to feel the click while the kid kicks and screams and fights?

sitting with my adult-in-training after an argument—in which
nothing is solved except for the yelling and the receiving—

and watching law & order and laughing occasionally and
continuing to exist side by side seems enough for now.

do we let ourselves drift further away
so we can feel the relief of return?

do we have any control over any of it?
should we? or are we just rolling

along on the wave, letting it carry us to
the next destination? who are we to try to

control the sea? perhaps the moon goddess within.
perhaps you are my muse. perhaps a muse is just a

long lost love—or one never fully realized—who
triggers us and prompts us and provokes us and

pushes us—painfully far and prosaically wide at times.
perhaps you are part of my cluster, following me through

these sacred lives as we teach and learn and grow from
each other. when i think about my love for you, i want

to bring you flowers; i want to plant my forever in you:
inside your head, inside your hands, inside your heart.

arrive alive

20150718_172909

always driving,
always moving,

running to meet point-less
dead-lines, absurd expectations:

rushing, rushing to our graves.

this time i happen
to be headed south,

past neon signs with casualties
counted and engraved:

657 so far this year;

past the severed alligator, under
the glassy big-brother eyes,

funneling down to the edge,
straight into the heart of

gun-shaped dread. i’ll wait until
i get there to start drinking,

numbing away all the things waiting to bite,
until the laughing takes us right into the

crying. it’s all the same out-
pouring in the mind’s eye,

tucked up on that cloud
shelf in the revolving sky;

just harder to put your finger on.

pieces of memory paste themselves
together as i maneuver in and out of states:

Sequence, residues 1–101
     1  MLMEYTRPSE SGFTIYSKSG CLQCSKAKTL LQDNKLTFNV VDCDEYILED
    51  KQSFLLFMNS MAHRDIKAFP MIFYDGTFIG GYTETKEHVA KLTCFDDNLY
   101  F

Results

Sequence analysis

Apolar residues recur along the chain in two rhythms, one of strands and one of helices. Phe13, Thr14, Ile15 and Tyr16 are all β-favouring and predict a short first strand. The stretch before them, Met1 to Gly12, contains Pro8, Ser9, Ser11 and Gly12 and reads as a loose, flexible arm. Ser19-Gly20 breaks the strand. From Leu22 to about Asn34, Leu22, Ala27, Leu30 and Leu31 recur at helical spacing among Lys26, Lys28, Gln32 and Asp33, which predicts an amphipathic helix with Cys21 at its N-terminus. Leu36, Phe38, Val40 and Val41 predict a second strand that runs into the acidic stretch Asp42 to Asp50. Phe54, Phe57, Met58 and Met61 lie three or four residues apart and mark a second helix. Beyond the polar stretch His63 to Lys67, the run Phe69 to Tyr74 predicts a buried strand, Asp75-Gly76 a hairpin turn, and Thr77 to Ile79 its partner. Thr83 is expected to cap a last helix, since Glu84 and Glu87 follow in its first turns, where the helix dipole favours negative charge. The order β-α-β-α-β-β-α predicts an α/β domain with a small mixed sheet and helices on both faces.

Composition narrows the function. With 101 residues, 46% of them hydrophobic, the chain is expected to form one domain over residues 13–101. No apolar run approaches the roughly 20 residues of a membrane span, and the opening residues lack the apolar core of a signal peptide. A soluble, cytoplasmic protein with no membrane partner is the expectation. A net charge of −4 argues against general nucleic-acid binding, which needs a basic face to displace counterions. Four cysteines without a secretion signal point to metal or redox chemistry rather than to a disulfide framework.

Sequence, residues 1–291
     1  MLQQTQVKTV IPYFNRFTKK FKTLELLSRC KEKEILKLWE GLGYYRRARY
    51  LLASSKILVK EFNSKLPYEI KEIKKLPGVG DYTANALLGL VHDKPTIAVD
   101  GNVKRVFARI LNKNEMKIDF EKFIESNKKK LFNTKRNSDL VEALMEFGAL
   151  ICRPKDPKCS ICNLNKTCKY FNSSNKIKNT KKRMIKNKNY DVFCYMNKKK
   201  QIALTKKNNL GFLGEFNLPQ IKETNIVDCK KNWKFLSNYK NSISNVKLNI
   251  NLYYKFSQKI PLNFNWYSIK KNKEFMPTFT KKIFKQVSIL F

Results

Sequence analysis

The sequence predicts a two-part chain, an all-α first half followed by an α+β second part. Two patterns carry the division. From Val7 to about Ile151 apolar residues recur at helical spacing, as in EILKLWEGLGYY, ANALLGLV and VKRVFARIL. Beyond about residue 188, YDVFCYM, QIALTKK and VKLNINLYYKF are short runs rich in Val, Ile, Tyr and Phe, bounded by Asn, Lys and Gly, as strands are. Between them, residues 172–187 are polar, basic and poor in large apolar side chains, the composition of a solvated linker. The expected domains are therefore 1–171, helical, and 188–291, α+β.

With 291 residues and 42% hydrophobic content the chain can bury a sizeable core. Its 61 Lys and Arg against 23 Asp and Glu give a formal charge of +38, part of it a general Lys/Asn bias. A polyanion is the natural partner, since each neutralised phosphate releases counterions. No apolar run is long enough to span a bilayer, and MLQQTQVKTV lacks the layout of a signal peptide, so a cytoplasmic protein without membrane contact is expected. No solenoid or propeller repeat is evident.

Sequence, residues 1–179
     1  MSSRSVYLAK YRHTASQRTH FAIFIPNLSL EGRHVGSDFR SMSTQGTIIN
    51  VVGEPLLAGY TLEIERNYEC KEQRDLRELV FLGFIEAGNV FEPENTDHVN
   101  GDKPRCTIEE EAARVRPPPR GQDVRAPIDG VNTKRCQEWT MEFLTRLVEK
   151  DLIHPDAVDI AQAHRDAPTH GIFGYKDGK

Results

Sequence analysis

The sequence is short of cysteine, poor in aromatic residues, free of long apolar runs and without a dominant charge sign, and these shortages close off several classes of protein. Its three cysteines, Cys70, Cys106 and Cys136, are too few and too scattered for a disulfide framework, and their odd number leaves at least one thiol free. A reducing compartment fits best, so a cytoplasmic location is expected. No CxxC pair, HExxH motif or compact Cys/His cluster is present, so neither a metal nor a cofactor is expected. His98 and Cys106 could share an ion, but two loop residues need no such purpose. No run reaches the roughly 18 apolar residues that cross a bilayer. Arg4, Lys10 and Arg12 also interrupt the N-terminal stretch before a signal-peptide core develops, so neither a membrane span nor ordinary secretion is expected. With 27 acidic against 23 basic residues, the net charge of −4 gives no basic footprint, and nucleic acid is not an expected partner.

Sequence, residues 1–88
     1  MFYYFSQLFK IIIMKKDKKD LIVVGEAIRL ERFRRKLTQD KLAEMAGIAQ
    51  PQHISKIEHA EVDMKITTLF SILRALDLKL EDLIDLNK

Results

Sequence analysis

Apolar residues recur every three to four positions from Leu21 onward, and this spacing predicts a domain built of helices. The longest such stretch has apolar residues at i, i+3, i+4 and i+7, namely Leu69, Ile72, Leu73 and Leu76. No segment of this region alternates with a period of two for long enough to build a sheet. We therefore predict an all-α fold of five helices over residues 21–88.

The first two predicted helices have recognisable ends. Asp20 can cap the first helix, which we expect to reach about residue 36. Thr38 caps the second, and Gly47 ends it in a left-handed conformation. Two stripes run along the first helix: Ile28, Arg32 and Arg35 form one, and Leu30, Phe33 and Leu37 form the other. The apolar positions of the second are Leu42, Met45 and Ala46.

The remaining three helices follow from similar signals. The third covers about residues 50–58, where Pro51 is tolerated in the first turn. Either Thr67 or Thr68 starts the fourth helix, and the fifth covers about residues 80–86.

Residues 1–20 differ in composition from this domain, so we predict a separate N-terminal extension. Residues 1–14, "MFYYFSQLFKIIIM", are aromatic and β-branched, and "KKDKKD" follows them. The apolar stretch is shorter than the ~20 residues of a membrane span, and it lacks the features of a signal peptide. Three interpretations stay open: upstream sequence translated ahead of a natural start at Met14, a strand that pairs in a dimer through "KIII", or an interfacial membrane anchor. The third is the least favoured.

last words, last touches, collages of conversations
from ten, twenty years ago, from count-less lives ago—

before we knew what we were be-coming;
before we knew how it would all end.

i keep looking over at my girl sleeping safely
on the seat beside me. my eyes are wide prayers.

the bittersweet dark is settling in as we
arrive alive under the last exhale of sun;

arrive to your absence, to the stomping pulse
of grief running through your girls,

to the very same places where we
once romped and rallied for joy.

20150718_173350

four-teen

20140825_083527-1

my daughter is

writing poems and

 

playing piano

keys while the

 

world is spinning, telling her

she should be working.

 

the singing apple is still falling

from the tree

 

in slow   motion

ecstasy;

 

obelisk of beauty and utility:

reaching, perching on the edge

 

of still pools, longing

to be space-craft.

20140730_162545

alive: for dad

i keep trying to crawl into that photograph

of you in your uniform, of you in your

 

youth-prime, proud smiling on your mother’s

arm with the crinkly eyes of your future daughters.

 

after the flagship burned,

and the wheelhouse turned,

 

you became good at seeing angels;

yeah, you were all right.

 

when asked how you were doing,

you said, well, i’m alive.

 

and my mirror cells replied,

well, that’s every thing.

Dad and Grandma